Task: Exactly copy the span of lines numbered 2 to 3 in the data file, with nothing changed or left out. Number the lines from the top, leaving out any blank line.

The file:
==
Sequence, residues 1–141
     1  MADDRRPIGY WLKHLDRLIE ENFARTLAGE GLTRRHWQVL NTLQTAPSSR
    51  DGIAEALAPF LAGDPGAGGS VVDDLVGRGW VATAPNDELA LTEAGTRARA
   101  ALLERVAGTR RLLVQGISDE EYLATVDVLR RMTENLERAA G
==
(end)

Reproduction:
     1  MADDRRPIGY WLKHLDRLIE ENFARTLAGE GLTRRHWQVL NTLQTAPSSR
    51  DGIAEALAPF LAGDPGAGGS VVDDLVGRGW VATAPNDELA LTEAGTRARA